It’s been just over a year since I took ownership of Habu, and progress has admittedly been slow so far.
I’ve explained why previously, so when compared to Project GTI, which saw 10 updates in the first 12 months, you might understand why this is only the third post dedicated to this white sled. Thankfully though, things have started to evolve.
For the most part, the real reason behind the lack of updates is that the car is both very good and in use on a daily basis, so there’s been no urgency to make sweeping changes from the get go.
Maybe another part is that I often feel like the car doesn’t fully belong amongst some of the other icons contained within the SH Garage. When you can read about a Porsche, GT-Rs, a Ferrari, an NSX and two Peugeot 106 Rallyes, I’m not really sure that a white Golf estate will excite any of you on the same level it excites me.
It does excite me though, and that’s what matters. I love it precisely because a lot of other people don’t, and that it flies under the radar is just an added bonus. A hint there as to where the name Habu came from, actually.
Still, one thing that unites all cars in the SH Garage is the careful consideration surrounding their intended use, perhaps with the notable exception of Mark using a single-seat Ferrari ex-race car to bring his cameras to work. There’s always an exception to the rule.
What I’ve considered over the last year is where I get the most enjoyment out of my car. I started to think about how I can improve the car under those specific circumstances without taking away from its day-to-day abilities.
I adore a good backroad, away from the rest of the world, more than anything. Places so remote that you don’t have to really worry about meeting other cars, people or cyclists.
The thing about these places is that outright power doesn’t really help you extract any more joy out of the situation. Top of third gear is just a hair under 90mph (145km/h) in Habu, and at that speed you’re really only racing towards a jail cell or your own funeral on these mountain roads.
As much time as I spend considering my own use, I often look to see what others have done with the same platform and whether they’ve had success or not.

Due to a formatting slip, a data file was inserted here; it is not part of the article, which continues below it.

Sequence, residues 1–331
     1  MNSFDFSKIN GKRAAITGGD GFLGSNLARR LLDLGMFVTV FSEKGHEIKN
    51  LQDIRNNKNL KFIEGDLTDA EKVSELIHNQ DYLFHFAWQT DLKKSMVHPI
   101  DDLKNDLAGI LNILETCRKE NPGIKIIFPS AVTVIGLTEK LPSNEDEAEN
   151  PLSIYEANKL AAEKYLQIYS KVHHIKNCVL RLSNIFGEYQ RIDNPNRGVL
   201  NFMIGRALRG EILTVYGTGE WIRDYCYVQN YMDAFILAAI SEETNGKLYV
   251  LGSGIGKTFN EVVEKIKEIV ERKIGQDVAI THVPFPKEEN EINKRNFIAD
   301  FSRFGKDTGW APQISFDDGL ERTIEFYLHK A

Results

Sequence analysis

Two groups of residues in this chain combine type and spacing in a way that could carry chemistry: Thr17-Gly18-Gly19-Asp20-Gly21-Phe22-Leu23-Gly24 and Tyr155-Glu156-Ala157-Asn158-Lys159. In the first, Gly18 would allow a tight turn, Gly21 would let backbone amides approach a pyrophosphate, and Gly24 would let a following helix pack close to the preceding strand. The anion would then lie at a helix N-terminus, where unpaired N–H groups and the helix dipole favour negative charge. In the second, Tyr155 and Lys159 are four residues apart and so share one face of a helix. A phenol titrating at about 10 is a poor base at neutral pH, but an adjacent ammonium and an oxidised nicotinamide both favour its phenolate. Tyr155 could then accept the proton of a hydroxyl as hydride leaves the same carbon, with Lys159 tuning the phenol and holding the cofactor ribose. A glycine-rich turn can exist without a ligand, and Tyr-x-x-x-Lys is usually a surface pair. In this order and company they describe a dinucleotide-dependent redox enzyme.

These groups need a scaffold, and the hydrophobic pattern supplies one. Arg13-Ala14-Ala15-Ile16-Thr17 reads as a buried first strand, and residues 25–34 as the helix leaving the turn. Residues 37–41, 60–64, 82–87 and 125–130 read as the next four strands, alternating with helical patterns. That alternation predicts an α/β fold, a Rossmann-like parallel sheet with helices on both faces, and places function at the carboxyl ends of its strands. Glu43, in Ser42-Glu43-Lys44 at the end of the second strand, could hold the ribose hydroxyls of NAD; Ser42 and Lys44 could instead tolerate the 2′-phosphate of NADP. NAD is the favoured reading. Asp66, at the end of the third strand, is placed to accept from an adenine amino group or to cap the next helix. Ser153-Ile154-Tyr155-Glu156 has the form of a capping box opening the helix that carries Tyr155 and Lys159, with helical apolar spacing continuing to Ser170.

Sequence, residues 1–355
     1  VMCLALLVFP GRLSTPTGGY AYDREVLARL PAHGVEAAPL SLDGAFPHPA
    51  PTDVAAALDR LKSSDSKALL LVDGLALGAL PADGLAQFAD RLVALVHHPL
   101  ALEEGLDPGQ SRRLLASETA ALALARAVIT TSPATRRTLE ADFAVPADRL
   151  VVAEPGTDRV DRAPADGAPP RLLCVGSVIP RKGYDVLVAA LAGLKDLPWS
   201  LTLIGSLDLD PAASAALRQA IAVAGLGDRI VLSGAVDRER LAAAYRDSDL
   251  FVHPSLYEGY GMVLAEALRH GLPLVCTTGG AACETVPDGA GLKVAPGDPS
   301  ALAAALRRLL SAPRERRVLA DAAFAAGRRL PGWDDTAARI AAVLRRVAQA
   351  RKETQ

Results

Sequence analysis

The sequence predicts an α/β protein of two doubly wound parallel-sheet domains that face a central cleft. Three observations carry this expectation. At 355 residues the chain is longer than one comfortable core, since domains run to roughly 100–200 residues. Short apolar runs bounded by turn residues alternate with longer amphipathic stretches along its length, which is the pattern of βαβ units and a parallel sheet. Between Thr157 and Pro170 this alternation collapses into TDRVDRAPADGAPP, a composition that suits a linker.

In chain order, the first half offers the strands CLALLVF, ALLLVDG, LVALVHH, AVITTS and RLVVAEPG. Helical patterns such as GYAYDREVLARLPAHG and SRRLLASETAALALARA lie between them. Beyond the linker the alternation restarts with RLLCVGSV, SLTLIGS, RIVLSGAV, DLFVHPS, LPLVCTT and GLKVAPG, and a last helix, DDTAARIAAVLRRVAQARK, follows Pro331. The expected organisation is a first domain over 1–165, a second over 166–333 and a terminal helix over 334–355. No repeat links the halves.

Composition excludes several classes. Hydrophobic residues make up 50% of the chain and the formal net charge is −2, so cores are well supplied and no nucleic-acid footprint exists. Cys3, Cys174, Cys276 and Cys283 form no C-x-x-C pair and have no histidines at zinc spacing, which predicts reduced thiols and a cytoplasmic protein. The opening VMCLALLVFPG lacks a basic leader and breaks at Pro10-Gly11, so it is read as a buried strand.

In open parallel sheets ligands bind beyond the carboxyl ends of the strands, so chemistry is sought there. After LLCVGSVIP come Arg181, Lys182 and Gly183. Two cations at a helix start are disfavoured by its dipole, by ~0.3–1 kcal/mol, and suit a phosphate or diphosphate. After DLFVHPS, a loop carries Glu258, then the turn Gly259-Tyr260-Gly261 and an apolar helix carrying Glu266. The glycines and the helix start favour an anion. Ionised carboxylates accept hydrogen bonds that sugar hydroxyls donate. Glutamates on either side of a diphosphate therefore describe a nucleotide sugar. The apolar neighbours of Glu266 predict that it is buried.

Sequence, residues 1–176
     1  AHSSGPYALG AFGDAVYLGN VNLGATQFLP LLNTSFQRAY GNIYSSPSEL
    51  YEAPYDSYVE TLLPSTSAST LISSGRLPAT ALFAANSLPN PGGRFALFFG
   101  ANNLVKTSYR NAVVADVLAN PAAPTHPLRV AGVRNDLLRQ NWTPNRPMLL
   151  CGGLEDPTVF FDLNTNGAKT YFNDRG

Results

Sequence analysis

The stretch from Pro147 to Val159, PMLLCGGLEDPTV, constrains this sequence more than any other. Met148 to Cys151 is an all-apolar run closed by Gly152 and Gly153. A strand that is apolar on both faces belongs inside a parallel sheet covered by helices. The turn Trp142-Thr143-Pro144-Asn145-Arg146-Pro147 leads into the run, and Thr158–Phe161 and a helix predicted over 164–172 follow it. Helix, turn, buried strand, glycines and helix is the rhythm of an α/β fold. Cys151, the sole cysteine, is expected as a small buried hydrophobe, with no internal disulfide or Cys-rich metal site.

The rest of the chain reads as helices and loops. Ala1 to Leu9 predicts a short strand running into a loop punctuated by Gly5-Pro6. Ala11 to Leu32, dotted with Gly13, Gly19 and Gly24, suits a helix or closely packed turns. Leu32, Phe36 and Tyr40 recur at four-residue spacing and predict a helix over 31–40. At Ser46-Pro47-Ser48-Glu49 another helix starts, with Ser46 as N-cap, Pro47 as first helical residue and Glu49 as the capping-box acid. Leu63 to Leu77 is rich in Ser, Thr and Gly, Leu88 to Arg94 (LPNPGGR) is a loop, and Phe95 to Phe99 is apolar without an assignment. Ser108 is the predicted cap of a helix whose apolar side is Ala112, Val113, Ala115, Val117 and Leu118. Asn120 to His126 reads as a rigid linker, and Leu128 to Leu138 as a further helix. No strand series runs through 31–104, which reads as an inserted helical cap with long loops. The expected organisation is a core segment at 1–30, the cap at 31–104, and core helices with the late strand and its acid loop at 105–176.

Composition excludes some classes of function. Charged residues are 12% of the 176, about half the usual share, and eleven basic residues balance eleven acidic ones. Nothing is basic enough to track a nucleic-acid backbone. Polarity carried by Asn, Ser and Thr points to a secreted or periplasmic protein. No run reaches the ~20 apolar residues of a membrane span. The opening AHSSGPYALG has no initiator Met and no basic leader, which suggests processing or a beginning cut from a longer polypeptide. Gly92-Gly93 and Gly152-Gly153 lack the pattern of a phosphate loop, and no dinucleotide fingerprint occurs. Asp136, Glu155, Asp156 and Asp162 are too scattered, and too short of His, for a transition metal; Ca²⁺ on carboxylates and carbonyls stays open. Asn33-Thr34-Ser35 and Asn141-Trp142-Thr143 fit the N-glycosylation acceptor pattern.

Typically, most Golf R owners seem to grow tired of the factory power, so they choose to add more. When that novelty wears off, they either need to add more power again or they move on to another project altogether.
While I do enjoy a healthy powerband, it’s not something you can exploit all of the time. Sure, it’s really nice to know that it’s there when needed, but when you’re just pottering around, 400hp might as well be 40hp for all the enjoyment it brings in 50km/h speed zones.
What I wanted to achieve with this particular set of updates was a substantial improvement in how the car feels and drives all of the time, along with an improvement in performance under the situations described above.
First on the list was an upgrade of the factory steering wheel. The leather on Habu‘s original steering wheel had gone hard, shiny and was worn in places, so I swapped it for another OEM wheel that was freshly re-trimmed in smooth Nappa leather with white stitching, and also 2mm thicker than the original. When I received it, all I had to do was swap over the airbag, MFSW controls and DSG paddles, and then send my original wheel off as part of the exchange deal.
I’m a big believer in ensuring that your points of contact with the car are the best they can be, and a decent-feeling steering wheel goes a long way towards this.
The real upgrades for this particular update however come from 034 Motorsport based outside San Francisco, California.
I installed their ‘Density’ engine and transmission mounts early in the life of Project GTI and was beyond happy with those parts, so it made sense to start Habu‘s journey with them. In the interests of full disclosure, 034 Motorsport supplied the parts here at a discount in exchange for including them in this project car update. I’m not under any obligation to say anything good, bad or indifferent about their products, so I aim to be as fair and honest as I can.
The first parts chosen and installed were their Dynamic+ Camber Top Mounts with new OE strut top bearings.
These fixed top mounts offer 1.4 degrees of additional negative camber per side on the front axle without the noise, vibration and harshness of a traditional adjustable top mount. Due to the design of both the Mk6 and Mk7 Golfs (and possibly even before these), an adjustable top mount isn’t accessible without removing the entire strut from the vehicle, so these are much better suited in my opinion.
The process, while simple, did take the bulk of the time allocated on the day to change both top mounts as the passenger side strut proved a bit stubborn being removed. Otherwise, it was straightforward and reinstallation was pain-free with everything going back exactly as it should.
To be fair, it was always going to be pain-free for me as I just had to photograph proceedings and read a 2006 issue of the now-defunct UK magazine Jtuner, while John Stone went about doing the actual work.